Photo/IllutrationToshiyuki Shiga, the former chief operating officer of Nissan Motor Co., responds to questions from The Asahi Shimbun. (Satoshi Kimura)

  • Photo/Illustraion

Carlos Ghosn, the former chairman of Nissan Motor Co., faced enormous pressure from Renault SA to merge the automakers, but he acted as a “wall” against the plan, a former close associate said.

Toshiyuki Shiga, who was chief operating officer of Nissan under Ghosn between 2005 and 2013, said in an exclusive interview with The Asahi Shimbun that the French government, the largest shareholder in Renault, also pushed hard for a merger.

“Ghosn originally was pressured (by France), but he served as a windbreak or wall, if you will,” Shiga, who served as a board member before stepping down from that post in June, said.

With Ghosn’s arrest in November and subsequent indictment on aggravated breach of trust and other charges, Renault’s pressure has directly hit Nissan, according to Shiga.

The French automaker has recently made moves to merge the two companies, but Nissan has rejected the proposal.

Shiga declined to comment on the allegations against Ghosn. He also said it was way too late for the two companies to merge.

Shiga said Nissan executives might have agreed to become a subsidiary of Renault if the French automaker had made that proposal in 1999, when the two companies entered a capital partnership to save Nissan from the brink of bankruptcy.

But Shiga said that over the past 20 years, “Nissan has made its best efforts and paid back its obligations to Renault. I believe it is no longer possible for Nissan to agree to a merger based simply on the principle of capital arrangements.”

Shiga rejected the view that Renault had intensified the pressure on Nissan for a merger after Ghosn’s arrest.

Renault has a 43-percent stake in Nissan, but Shiga explained that Louis Schweitzer, who headed Renault when it provided the capital to Nissan, may have considered the possibility of a merger at that time.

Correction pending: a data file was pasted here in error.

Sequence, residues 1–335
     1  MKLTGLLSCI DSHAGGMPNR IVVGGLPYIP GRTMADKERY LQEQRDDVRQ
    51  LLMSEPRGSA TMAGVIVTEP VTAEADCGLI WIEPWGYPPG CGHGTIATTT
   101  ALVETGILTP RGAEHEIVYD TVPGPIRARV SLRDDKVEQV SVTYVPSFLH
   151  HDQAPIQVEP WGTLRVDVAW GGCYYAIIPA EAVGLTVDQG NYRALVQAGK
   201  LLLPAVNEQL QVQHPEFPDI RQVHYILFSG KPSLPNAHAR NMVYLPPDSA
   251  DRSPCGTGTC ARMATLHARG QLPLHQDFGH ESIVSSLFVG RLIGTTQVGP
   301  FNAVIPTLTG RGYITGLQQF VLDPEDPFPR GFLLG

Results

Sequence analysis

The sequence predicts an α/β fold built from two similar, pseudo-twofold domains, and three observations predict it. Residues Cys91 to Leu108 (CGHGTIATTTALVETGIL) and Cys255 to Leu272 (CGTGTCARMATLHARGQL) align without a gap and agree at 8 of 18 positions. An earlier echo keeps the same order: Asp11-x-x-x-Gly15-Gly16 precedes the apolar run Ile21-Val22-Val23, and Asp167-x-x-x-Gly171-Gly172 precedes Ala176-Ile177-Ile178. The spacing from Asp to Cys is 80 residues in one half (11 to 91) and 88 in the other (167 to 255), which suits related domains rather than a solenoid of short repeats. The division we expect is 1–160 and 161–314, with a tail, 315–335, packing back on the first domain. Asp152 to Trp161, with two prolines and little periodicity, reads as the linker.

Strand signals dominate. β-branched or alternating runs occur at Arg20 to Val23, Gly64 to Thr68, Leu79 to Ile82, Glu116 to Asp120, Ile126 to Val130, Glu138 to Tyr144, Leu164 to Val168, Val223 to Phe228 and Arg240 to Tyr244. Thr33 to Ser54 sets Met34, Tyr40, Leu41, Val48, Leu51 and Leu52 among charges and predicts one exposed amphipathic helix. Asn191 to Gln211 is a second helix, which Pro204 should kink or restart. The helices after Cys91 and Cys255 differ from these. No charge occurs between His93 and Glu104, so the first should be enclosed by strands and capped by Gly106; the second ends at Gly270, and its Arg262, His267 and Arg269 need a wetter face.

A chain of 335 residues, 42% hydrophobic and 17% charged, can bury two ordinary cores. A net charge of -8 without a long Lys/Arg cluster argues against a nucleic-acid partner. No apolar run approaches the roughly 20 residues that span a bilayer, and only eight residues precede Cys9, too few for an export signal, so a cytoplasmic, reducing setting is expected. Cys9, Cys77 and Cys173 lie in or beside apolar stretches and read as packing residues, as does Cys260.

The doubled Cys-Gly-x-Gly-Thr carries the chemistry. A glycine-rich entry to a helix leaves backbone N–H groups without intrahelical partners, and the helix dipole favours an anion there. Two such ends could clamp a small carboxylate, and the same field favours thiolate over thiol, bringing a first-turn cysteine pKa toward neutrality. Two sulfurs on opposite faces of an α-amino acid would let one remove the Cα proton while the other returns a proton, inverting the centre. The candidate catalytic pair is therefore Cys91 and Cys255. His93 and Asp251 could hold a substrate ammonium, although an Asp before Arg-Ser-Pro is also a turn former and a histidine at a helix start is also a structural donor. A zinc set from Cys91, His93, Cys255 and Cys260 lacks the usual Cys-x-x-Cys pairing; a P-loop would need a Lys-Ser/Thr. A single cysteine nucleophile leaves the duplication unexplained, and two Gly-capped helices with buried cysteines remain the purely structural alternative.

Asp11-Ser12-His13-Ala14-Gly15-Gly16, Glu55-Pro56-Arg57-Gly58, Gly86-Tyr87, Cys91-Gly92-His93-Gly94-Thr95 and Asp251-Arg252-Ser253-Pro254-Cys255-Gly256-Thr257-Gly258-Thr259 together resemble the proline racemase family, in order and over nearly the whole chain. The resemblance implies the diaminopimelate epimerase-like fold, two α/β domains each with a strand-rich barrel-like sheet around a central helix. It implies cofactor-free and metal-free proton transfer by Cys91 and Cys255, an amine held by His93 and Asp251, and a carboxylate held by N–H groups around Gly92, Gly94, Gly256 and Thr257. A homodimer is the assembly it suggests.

Shiga said about Ghosn, “I believe he felt it would be better if (the two companies) were independent companies.”

After Ghosn became chief executive officer of both Nissan and Renault in 2005, he became much more careful about any conflict of interest that might lead shareholders of the two companies to file lawsuits for damaging their financial interests, according to Shiga.

He said that Ghosn long tried to maintain a win-win relationship between the two automakers.

However, Shiga added that after he stepped down as COO in 2013, Ghosn intensified the pressure on subordinates to achieve the various corporate goals that he had set.

Shiga felt that Ghosn’s drive may have been a reflection of the pressure that he himself was under.

“I heard him complain about the pressure he faced from Renault shareholders and investors about why he did not go ahead and merge the two companies,” Shiga said. “Unless he expanded the synergy of the two companies, Renault shareholders, including the French government, would not have been satisfied. I believe that dilemma weighed heavily on Ghosn.”

From 2014, Nissan and Renault did combine functions of four major departments, including research and development and manufacturing technology. A vice president of either Nissan or Renault headed those combined departments.

Shiga explained that friction between the two companies increased greatly from around this time because “Ghosn’s pressure (to achieve corporate goals) became so great that the vice presidents could not think about a win-win situation. Instead, they went ahead with measures that might have helped one company and hurt the other as long as the end result was a positive one overall.”

When asked if Ghosn’s tenure of close to 20 years was too long, Shiga said, “He lost the opportunity to step down, in part because he had to continue acting as a windbreak.”

Although Shiga rejected the idea of dissolving the partnership with Renault, he said efforts should be made to achieve synergy by returning to the starting point and seeking business programs that can lead to a win-win situation.

(This article was written by Satoshi Kimura and Yasuaki Oshika.)